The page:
In nature, animals commonly experience multiple combinations of stimuli at various points in time. When two or more seemingly unrelated stimuli are detected at the same time using different sensory systems, there is the potential for an association to form between the stimuli. The animal may learn and show a response originally associated with one stimulus when it now detects the second stimulus. These stimuli are the unconditioned and conditioned stimulus of classical and operant conditioning. Many species of animals are known to learn via operant conditioning and a variety of responses can become associated with formerly neutral stimuli. Crayfish for example can learn new danger signals by association with the unconditioned cue of alarm odor, but can also learn to recognize stimuli associated with food as indicators of a feeding opportunity, and even learn social status through visual and chemical signals. Based on the results of our study, we will be able to make a definitive statement about the capabilities of crayfish to associate abstract visual shapes with food rewards. The classical conditioning trials for many days involve giving the crayfish a five-minute acclimation period in the testing tank and then releasing them for twenty minutes to explore and view the visual symbol in the presence of food each day. Eventually the food reward is removed after repeated exposure and if a learned association between the visual symbol and food reward occurs, we would expect crayfish spending a larger amount of time in the section of the tank with the reward symbol even when food is absent. Preliminary indications are that they are in fact capable of learning abstract visual symbols.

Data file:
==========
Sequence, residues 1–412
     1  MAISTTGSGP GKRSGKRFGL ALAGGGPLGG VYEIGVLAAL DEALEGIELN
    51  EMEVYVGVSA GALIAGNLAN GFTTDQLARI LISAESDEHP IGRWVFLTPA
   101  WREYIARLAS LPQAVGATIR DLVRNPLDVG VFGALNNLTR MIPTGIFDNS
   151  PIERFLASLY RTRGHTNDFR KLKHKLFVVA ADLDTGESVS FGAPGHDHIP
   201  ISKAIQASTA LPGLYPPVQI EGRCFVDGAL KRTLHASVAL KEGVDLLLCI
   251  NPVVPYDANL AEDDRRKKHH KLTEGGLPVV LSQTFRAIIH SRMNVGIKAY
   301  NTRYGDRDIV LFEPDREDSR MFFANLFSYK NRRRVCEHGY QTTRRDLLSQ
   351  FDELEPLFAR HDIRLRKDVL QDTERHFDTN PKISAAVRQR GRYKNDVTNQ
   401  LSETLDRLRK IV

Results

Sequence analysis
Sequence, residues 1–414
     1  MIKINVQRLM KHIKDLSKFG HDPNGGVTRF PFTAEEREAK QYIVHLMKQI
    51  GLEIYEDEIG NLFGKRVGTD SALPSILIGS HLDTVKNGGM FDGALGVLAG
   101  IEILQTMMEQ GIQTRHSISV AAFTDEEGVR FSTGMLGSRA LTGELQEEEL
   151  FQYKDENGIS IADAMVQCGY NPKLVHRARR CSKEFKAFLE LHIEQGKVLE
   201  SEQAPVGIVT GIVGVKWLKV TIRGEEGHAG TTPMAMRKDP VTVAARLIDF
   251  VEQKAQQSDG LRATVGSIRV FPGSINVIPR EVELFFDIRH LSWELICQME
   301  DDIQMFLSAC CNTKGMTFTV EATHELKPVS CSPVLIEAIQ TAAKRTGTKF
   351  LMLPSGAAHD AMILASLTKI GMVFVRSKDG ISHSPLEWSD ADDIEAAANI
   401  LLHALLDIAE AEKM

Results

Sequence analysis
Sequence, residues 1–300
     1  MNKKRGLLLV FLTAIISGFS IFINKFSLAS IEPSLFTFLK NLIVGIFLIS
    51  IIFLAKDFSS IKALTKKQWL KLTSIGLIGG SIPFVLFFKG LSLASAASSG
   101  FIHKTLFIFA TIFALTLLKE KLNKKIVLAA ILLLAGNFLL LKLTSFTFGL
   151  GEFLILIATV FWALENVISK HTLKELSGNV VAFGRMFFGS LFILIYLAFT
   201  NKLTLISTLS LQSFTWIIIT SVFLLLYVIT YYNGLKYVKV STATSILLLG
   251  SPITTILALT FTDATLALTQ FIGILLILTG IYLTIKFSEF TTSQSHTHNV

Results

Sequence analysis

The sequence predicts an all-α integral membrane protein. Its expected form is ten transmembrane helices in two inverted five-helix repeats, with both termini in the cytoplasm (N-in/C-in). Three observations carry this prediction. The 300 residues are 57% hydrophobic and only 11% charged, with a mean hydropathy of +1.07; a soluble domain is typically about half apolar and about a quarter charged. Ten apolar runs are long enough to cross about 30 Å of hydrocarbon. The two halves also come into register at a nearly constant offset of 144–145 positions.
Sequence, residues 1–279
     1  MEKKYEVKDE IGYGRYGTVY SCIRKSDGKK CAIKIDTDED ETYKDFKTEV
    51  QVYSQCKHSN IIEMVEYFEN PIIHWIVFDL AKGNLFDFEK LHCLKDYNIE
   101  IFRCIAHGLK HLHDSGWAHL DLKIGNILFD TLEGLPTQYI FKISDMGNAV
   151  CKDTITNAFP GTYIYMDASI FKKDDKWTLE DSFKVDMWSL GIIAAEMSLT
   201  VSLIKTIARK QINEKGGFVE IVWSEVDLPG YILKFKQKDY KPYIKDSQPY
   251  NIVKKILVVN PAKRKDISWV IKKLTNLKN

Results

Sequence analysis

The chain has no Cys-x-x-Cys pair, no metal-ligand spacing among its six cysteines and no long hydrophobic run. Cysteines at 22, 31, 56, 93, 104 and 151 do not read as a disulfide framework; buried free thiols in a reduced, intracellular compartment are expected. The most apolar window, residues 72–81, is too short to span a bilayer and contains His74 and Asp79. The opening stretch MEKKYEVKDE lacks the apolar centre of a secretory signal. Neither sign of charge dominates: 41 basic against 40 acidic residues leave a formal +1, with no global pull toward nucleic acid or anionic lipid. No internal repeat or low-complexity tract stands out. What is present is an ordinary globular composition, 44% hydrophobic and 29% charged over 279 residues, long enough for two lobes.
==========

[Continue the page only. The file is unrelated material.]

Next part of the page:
crayfish, visual learning, discrimination, stimuli
Boeve, Matthew J. and Bergman, Daniel A., "Visual Learning and Discrimination of Abstract Visual Shapes by Crayfish" (2010). Student Summer Scholars. Paper 49.